Jersey's regulator, the JFSC, has shown a considered and measured approach to fintech regulation to date, which should equip Jersey to be a leading fintech jurisdiction of the future by ensuring regulation in Jersey remains appropriate and commensurate to the product or service in question.
Entrepreneurs with credible fintech projects can contact us to know more about setting up a business in Jersey.
 - www.startup.je
Apart from the favourable tax environment for companies and the high degree of political and economic stability, Liechtenstein is an excellent place for entrepreneurs to settle. Liechtenstein as an EEA member has EU-compatible regulations and full freedom to provide services in all EEA countries. Due to the traditionally close neighbourly economic relations and the customs and currency treaty with Switzerland, Liechtenstein companies also benefit from privileged access to the Swiss economic area.
Due to its size Liechtenstein offers flexibility and expediency when it comes to decision making, especially with governmental agencies and the FMA. It is also very innovative and pro-active, the establishment of the Regulatory Laboratory and the enactment of the Liechtenstein Blockchain Act being examples of this.
Liechtenstein is in general a very business friendly environment with a liberal economic policy, which is for example reflected in its labor and corporate law.
Mexico has become a suitable option for Fintech companies in the region for a number of reasons; in point of fact, the sector grew 16% last year. Such reasons include: (i) the competitive Fintech legal framework and the relevant secondary regulations; (ii) the potential reduced costs and savings in the country; (iii) the leniency of FTIs’ framework vis-à-vis banking and other financial institutions law; (iv) the exceptional robustness of foreign investment protections; (v) the strength of the banking sector and (vi) the competitiveness of Mexican “peso” against other emerging market economies’ currencies.
Luxembourg attracts plenty of leading IT and fintech companies, including Microsoft, Amazon, Rakuten, Ebay, Paypal and Bitstamp. The most important reason for this is that Luxembourg is one of the Eurozone’s leading financial centres and the second largest investment fund centre in the world. Furthermore, Luxembourg is a strategic EU location with easy access to Paris, London, Zürich, Amsterdam, Frankfurt and Brussels and has a highly educated workforce that is used to conduct business in French, German and English. Thus, pragmatism and reactivity of both politics, legislator and financial authorities are usually an overriding factor in the decision of a company to establish in Luxembourg.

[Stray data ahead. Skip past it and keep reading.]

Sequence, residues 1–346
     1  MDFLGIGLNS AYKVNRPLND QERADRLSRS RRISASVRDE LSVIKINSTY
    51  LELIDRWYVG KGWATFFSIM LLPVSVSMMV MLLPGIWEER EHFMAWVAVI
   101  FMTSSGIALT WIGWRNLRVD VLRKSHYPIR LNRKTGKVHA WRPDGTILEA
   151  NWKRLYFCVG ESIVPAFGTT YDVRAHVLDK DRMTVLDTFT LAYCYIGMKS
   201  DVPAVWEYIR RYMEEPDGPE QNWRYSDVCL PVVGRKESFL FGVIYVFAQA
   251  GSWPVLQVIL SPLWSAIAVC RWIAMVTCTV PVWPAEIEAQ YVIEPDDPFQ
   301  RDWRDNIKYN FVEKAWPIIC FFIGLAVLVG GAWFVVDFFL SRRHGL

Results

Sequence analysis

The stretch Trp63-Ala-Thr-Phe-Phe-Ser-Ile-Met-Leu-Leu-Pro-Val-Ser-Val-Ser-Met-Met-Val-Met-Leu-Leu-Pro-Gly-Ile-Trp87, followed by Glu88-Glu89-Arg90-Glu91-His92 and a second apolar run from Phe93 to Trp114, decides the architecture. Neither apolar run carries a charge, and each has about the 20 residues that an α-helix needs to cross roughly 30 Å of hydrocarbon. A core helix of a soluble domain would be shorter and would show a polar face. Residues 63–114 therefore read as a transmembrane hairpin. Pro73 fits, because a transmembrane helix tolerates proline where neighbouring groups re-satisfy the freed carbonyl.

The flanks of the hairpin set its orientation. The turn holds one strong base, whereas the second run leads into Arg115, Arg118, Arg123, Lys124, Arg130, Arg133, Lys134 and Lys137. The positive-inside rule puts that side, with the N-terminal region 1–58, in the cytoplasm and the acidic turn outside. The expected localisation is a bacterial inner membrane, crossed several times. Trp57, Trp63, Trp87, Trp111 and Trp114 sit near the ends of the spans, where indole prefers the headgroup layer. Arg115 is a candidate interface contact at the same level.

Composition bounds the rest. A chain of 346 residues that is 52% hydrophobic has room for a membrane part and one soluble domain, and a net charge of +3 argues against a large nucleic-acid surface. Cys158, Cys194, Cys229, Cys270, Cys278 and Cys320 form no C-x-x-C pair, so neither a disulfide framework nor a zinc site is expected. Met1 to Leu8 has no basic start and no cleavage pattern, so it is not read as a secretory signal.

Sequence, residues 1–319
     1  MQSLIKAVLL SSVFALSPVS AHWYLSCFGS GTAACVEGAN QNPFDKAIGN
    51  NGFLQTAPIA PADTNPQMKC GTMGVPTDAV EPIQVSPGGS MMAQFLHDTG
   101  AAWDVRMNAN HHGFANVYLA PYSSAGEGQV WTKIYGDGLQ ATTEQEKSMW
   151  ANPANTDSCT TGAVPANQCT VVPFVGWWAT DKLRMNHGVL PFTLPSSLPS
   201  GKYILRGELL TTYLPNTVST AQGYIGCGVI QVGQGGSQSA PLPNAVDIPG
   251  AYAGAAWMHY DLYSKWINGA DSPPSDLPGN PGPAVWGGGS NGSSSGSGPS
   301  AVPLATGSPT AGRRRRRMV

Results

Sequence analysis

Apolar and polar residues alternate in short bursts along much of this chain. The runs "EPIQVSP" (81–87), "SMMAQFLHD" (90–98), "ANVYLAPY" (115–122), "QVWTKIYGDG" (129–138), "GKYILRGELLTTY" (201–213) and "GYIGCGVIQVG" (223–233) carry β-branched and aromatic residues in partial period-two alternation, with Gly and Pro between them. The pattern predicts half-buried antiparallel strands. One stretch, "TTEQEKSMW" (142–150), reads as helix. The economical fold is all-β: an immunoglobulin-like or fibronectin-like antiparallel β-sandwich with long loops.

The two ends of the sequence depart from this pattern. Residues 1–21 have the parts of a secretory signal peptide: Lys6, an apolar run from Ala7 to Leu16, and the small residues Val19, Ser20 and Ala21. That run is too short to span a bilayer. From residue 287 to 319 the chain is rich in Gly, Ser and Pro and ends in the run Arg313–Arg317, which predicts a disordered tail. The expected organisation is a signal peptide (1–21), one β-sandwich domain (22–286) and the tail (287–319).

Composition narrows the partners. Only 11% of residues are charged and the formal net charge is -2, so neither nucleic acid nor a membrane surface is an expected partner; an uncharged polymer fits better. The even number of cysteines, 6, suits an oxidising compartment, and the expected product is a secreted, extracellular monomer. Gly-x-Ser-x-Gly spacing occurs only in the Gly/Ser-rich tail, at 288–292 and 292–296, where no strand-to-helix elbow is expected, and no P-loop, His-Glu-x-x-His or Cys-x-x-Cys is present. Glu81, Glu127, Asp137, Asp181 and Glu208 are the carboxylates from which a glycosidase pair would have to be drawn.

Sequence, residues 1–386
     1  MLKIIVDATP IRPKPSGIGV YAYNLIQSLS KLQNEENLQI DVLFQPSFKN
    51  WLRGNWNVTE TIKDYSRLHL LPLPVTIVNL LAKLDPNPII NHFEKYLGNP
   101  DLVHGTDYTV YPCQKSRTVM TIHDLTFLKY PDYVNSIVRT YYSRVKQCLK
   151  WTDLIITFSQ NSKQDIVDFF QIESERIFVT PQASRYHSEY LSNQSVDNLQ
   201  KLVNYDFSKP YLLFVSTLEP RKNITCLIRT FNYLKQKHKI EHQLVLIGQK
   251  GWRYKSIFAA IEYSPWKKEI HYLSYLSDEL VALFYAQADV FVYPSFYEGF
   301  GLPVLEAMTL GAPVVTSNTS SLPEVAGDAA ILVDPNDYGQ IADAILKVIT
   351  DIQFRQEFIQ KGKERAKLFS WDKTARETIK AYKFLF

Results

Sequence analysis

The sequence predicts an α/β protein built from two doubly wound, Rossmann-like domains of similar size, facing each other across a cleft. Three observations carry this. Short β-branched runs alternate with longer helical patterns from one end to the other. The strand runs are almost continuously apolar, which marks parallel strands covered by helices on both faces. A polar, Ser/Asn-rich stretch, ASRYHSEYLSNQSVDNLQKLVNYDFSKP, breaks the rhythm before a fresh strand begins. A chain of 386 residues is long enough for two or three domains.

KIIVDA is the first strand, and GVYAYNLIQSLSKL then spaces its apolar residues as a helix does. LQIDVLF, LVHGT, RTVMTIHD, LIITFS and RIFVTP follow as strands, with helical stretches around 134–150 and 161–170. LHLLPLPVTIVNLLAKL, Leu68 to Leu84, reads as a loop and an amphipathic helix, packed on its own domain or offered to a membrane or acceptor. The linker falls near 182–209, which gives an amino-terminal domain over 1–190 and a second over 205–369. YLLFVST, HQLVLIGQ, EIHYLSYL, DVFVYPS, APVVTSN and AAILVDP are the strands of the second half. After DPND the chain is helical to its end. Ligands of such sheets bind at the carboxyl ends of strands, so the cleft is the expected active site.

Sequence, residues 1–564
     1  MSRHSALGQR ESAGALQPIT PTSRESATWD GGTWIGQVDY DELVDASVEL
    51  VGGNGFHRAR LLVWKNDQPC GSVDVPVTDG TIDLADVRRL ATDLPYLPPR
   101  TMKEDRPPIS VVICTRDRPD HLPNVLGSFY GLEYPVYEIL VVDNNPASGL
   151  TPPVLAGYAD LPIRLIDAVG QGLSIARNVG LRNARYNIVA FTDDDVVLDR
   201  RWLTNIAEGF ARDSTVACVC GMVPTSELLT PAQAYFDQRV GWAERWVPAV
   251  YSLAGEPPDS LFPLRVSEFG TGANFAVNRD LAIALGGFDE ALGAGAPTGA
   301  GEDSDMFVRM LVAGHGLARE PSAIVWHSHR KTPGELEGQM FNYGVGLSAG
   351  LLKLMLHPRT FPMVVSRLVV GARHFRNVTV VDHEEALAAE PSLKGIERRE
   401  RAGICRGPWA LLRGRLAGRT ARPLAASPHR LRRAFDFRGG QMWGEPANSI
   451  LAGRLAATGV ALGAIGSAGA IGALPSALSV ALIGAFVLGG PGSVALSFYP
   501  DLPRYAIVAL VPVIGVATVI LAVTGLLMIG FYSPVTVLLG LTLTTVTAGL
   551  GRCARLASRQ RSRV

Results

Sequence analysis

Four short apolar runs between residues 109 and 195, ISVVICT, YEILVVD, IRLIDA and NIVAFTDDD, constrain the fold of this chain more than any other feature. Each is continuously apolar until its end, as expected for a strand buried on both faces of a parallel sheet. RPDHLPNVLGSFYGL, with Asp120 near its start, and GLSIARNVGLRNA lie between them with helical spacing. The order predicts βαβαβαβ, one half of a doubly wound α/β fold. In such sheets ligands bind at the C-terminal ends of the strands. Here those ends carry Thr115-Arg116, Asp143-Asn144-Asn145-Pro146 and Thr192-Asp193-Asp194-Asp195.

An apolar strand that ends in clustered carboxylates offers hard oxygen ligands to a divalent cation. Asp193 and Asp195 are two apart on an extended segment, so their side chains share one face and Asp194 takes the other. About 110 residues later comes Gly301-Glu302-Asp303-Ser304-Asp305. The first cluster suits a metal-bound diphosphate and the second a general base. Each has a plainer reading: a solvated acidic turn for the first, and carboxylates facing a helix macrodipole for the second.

On some Fintech fronts, Malta is spearheading innovative and unique reforms particularly in the Blockchain sphere. Lately it has garnered an even faster momentum in pushing forward its status as Blockchain Island by effectively quenching start-ups’ craving for regulation through the setting up of a robust principles-based regime targeting distributed ledger technology (DLT) platforms and related service providers. The new laws fill the legislative gaps in what currently is a legal vacuum, rife with a felt desired of legal certainty. Furthermore, Malta has positioned itself as a reputable centre for financial services, with a comprehensive framework overseen by the MFSA - a solution-oriented regulator, fostering a culture of open dialogue and hands-on regulation. Malta’s attraction is further underscored by its favourable tax regime which, as a result of its extensive double tax treaty network, allows investors to achieve considerable fiscal efficiency when using Malta as a base. It has a well-regulated banking sector, with several multinational banks offering bespoke solutions to clients and boasts of a highly skilled, committed workforce with the majority of students opting to follow post-graduate courses related to ICT or financial services. English as one of Malta’s official languages and Malta’s warm climate, gives fintech entrepreneurs an added incentive to choose Malta as a place to set up shop.
There are many incubator and accelerator programs, and even government channels that fintech firms can leverage for seed funding. There are funding available for new and growing businesses in Malaysia. For instance, governmental action and support for Small and Medium Enterprise (“SMEs”) have been available through policies coordinated by SME Corporation Malaysia and implemented by specified agencies of the Government and banking sector. Financial institutions like bank and development financial institutions like Small Medium Enterprise Development Bank Malaysia Berhad provide debt financing. Furthermore, there is one programme under the SME Masterplan which provides early stage financing through the establishment of investment companies to invest in potential SMEs, not limited to fintech businesses. These could assist new fintech entrepreneurs to begin its operations in Malaysia.